Modern fashion sandals
Modern fashion sandals
Hiking sandals
Hiking sandals

Sandals are an open type of shoe, consisting of a sole held to the wearer's foot by straps going over the instep and around the ankle. Sandals can also have a heel. While the distinction between sandals and other types of footwear can sometimes be blurry (as in the case of huaraches—the woven leather footwear seen in Mexico, and peep-toe pumps), the common understanding is that a sandal leaves all or most of the foot exposed. People may choose to wear sandals for several reasons, among them comfort in warm weather, economy (sandals tend to require less material than shoes and are usually easier to construct), and as a fashion choice.

Usually, people wear sandals in warmer climates or during warmer parts of the year in order to keep their feet cool and dry. The risk of developing athlete's foot is lower than with enclosed shoes, and the wearing of sandals may be part of the treatment regimen for such an infection.


Esparto sandals from the 6th or 5th millennium BC found in Spain.
Esparto sandals from the 6th or 5th millennium BC found in Spain.
Pair of ancient leather sandals from Egypt.
Pair of ancient leather sandals from Egypt.
Girl wearing sandals held to the feet by both thong and straps.
Girl wearing sandals held to the feet by both thong and straps.

The oldest known sandals (and the oldest known footwear of any type) were discovered in Fort Rock Cave in the U.S. state of Oregon; radiocarbon dating of the sagebrush bark from which they were woven indicates an age of at least 10,000 years.[1]

The word sandal is of Greek origin - σάνδαλον : sándalon. The ancient Greeks distinguished between:

The ancient Egyptians wore sandals made of palm tree-leaves and papyrus.[3] They are sometimes observable on the feet of Egyptian statues and in reliefs, being carried by sandal-bearers. According to Herodotus, sandals of papyrus were a part of the required and characteristic dress of the Egyptian priests.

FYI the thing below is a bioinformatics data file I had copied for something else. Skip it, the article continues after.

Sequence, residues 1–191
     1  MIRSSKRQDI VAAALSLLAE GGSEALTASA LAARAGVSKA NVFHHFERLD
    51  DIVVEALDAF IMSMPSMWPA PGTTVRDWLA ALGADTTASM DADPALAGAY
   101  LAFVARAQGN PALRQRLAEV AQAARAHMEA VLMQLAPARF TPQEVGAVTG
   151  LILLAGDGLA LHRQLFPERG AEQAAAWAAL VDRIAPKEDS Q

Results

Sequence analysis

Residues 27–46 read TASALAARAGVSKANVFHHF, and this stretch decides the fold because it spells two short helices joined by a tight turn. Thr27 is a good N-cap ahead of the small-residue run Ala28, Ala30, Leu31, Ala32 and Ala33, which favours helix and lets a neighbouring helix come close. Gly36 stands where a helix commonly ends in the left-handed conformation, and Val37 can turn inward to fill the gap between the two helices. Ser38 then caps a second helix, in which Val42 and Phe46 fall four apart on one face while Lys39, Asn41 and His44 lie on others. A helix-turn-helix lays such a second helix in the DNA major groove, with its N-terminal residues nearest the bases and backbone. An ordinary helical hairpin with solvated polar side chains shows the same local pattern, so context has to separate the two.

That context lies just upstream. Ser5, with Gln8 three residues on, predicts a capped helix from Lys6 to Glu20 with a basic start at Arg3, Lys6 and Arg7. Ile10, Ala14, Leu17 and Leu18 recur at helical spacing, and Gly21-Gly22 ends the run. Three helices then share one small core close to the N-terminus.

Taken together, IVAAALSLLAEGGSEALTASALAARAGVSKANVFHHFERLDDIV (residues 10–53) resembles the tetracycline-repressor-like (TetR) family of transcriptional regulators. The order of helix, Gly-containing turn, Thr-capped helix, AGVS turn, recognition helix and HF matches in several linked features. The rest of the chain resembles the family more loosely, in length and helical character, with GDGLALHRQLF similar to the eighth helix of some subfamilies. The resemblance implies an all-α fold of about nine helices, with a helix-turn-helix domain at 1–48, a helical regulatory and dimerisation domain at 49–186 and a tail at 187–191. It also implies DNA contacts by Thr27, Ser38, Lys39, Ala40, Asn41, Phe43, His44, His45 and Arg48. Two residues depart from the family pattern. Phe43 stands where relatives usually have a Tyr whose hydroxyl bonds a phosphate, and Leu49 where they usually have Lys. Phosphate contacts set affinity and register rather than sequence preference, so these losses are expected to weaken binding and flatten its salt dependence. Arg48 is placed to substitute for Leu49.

In Ancient Greece sandals were the most common type of footwear that women wore and spent most of their time at home. The Greek sandals featured a multitude of straps with which they securely fastened to the foot. The top of the sandals were usually of colored leather. The soles were made of cattle skin, of even better quality and made up of several layers. In Ancient Rome residents used to carve their boots and sandals with elaborate designs.

In Ancient Levant sandals ("Biblical sandals") were made from non-processed leather and dry grass, and had strings or ropes made of simple, cheap materials. Occasionally golden or silver beads and even gems were added.

In his autobiography Edward Carpenter told how sandals came to be made in England:

While in India Harold Cox went in [18]85 or [18]86 for a tour in Cashmere, and from Cashmere he sent me a pair of Indian sandals. I had asked him, before he went out, to send some likely pattern of sandals, as I felt anxious to try some myself. I soon found the joy of wearing them. And after a little time I set about making them. I got two or three lessons from W. Lill, a bootmaker friend in Sheffield, and soon succeeded in making a good many pairs for myself and various friends. Since then the trade has grown into quite a substantial one. G. Adams took it up at Millthorpe in 1889; making, I suppose, about a hundred or more pairs a year; and since his death it has been carried on at the Garden City, Letchworth.[4]


Anatomy of a sandal
Anatomy of a sandal

A sandal may have a sole made from rubber, leather, wood, tatami or rope. It may be held to the foot by a narrow thong that generally passes between the first and second toe, or by a strap or lace, variously called a latchet, sabot strap or sandal, that passes over the arch of the foot or around the ankle. A sandal may or may not have a heel (either low or high) or heel strap.



See also


  1. ^ Robbins, William G. (2005). Oregon: This Storied Land. Oregon Historical Society Press. ISBN 978-0875952864.
  2. ^ Serv. in Virg. Ed. II. cc. (cited by Yates)
  3. ^ Wilkinson, Manners and Customs vol. iii. p. 336. (cited by Yates)
  4. ^ Edward Carpenter (1899) My Days and Dream, chapter 7 via
  5. ^ "Crochet Sandals". Archived from the original on 2014-07-24. Retrieved 2014-06-25.
  6. ^ "Sandal and Footwear Technology - SOURCE Hydration & Sandals". Retrieved 23 November 2016.
  7. ^ Huaraches: Mexican sandals from
  8. ^ DDR Museum: Sandals in GDR so called Jesuslatschen
  9. ^ "Have you ever heard about peruvian sandals Yankees?". Sylwia Travel Peru. 2014-10-29. Retrieved 2019-08-29.
  10. ^ "Traditional Andean Clothing". Threads of Peru. Retrieved 2019-08-29.
  11. ^ Cómo se hacen los Yanquis u ojotas en Perú (viral), retrieved 2019-08-29
  12. ^ Museum, Bata Shoe. "All About Shoes". Retrieved 23 November 2016.
  13. ^ "closed-toe sandals". Retrieved 23 November 2016.